Summer Reading 2022
Books recommendations for summer
Subject Area: Books
Summer is here, and I have a few suggestions if there is still some space in your summer book bag or if you are looking for a rejig. At least half of the books here are somewhat heavy reads, but I guess that’s fine. It covers several domains, including philosophy, data science, start-ups, anthropology, and biomedicine.
Hopefully, you will find something you will enjoy.
Lifespan: Why We Age - and Why We Don't Have To by David Sinclair
Lifespan is the most important book I have read so far this year. The author champions an information theory of aging. Simply put, we age because of something called the ‘epigenetic noise,’ which alters gene expression patterns that, in turn, lead to a decrease in tissue functions and overall aging. Notably, the book discusses what an average folk can do today to potentially increase her lifespan plus what the future will look like in terms of lifespan extension. The author thinks lifespan extension is inevitable.
Read my essay Why We Age. To see if you would like to read the book.
Aquinas (A Beginner's Guide) by Edward Feser
I have tried to read Ed Feser’s Aquinas multiple times, but I haven’t been patient enough to pull it off. Finally, I am making some headway this summer. So, I will say it is not a beach book. You will need to be more invested. If you are interested in Thomistic philosophy, natural theology, and the like. This is a great book. The book starts with a mini-biography on Aquinas, Aristotelian-Thomistic metaphysics, natural theology (the five ways), and the like.
I have an essay on St Aquinas you can read to whet your appetite. St Aquinas on Trial.
The Book of Why: The New Science of Cause and Effect by Judea Pearl
A robot (AI system) can't tell the difference between correlation and causation. For a robot to be endowed with this capability, the mathematization of causation and causal inference must be straightened out. This is the story the book shares - the algorithmization of causation. The authors started with the history of correlation and causation. (And the suppression of the latter in the statistical field.) This suppression led to the unnecessary obfuscation in the identification of smoking as a cause of lung cancer, which led to many deaths. Dr. Pearl introduced the ladder of causation, which is effectively the spine of the book: 1) observing (this is the realm of machine intelligence today), 2) intervention (What ifs questions), and 3) counterfactuals (imagination: What if I had done X). The book carefully climbed up this ladder introducing Bayesian networks, confounding and deconfounding, back door adjustment, front door adjustments, paradoxes burst with casual thinking, structural causal models, etc. Finally, Dr. Pearl ended with an audacious prophecy about machine intelligence - Al systems that can think and be self-aware.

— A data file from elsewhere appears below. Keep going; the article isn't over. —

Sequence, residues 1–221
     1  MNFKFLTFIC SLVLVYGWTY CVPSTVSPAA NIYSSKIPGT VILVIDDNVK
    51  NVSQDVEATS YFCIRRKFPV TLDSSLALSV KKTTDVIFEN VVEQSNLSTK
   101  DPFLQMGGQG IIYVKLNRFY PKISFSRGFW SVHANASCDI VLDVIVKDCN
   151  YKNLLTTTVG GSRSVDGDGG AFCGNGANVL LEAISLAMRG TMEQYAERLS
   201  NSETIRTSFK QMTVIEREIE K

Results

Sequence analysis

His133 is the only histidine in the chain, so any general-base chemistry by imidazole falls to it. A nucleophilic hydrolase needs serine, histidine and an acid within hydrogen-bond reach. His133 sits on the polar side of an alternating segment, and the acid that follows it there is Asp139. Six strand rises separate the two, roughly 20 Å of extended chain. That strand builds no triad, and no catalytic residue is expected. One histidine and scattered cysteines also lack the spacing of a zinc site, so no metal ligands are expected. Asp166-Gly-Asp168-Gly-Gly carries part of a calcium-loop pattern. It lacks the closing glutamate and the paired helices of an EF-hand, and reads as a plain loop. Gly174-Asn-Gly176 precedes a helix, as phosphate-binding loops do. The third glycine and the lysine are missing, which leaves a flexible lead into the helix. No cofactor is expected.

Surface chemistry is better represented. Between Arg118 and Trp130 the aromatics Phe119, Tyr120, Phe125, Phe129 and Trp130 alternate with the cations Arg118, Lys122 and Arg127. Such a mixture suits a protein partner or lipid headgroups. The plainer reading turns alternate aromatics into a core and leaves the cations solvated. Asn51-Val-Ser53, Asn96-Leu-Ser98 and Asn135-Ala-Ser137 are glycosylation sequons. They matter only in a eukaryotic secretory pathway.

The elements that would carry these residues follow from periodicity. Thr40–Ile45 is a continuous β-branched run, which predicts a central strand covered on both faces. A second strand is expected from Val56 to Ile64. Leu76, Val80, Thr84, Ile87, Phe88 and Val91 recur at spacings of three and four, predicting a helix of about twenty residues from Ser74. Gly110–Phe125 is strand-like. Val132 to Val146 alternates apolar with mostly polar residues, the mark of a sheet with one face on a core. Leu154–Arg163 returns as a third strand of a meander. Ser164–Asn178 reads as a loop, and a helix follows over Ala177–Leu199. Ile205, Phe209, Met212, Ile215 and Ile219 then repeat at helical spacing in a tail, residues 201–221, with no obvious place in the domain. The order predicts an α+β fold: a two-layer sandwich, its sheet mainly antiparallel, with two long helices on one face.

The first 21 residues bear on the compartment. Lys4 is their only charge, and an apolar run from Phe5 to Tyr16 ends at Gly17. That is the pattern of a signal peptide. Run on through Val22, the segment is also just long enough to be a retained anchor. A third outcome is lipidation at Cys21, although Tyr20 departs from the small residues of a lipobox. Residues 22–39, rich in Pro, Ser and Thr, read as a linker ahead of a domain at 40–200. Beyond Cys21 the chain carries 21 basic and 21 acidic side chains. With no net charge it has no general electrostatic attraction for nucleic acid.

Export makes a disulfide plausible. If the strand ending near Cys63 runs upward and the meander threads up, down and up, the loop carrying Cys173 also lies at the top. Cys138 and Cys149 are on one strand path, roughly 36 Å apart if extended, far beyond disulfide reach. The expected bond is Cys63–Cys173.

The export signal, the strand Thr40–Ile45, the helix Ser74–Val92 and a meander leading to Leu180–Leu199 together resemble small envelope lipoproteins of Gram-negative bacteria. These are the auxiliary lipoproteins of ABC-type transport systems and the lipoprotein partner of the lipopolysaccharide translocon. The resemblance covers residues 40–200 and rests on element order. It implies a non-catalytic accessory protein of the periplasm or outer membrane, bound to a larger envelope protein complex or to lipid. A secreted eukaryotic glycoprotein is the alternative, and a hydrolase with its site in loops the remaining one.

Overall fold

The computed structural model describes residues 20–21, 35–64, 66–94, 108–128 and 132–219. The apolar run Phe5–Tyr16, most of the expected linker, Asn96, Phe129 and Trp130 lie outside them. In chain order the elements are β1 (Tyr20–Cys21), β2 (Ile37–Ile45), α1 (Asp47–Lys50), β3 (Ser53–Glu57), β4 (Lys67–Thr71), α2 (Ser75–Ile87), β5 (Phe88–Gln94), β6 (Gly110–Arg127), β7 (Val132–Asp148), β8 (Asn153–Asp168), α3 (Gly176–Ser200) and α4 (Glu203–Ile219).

Build: An Unorthodox Guide to Making Things Worth Making by Tony Fadell
I am currently completing Build; it is a part memoir, a full exposition on building products in the 21st century. Written by the creator of the iPhone, iPod, and Nest, it is quite an exciting story, and it’s more than that – Farrell gives his take on building a career. This is an excellent book for anyone remotely interested in start-ups.
Things Hidden Since the Foundation of the World by Rene Girard
“Things Hidden” is one of the most important and challenging books I have read. So, this book (and Girard) is potentially a summer project on its own, especially if you are unfamiliar with the world of Girard. Girard’s theory of mimesis explains quite a lot of things – one is tempted to say it explains everything. Why are humans violent? Why does it seem many of us never get satisfied by anything? What explains our obsession with prestige? What is the origin of culture, religion, and political institutions? How does Christianity destroy myths?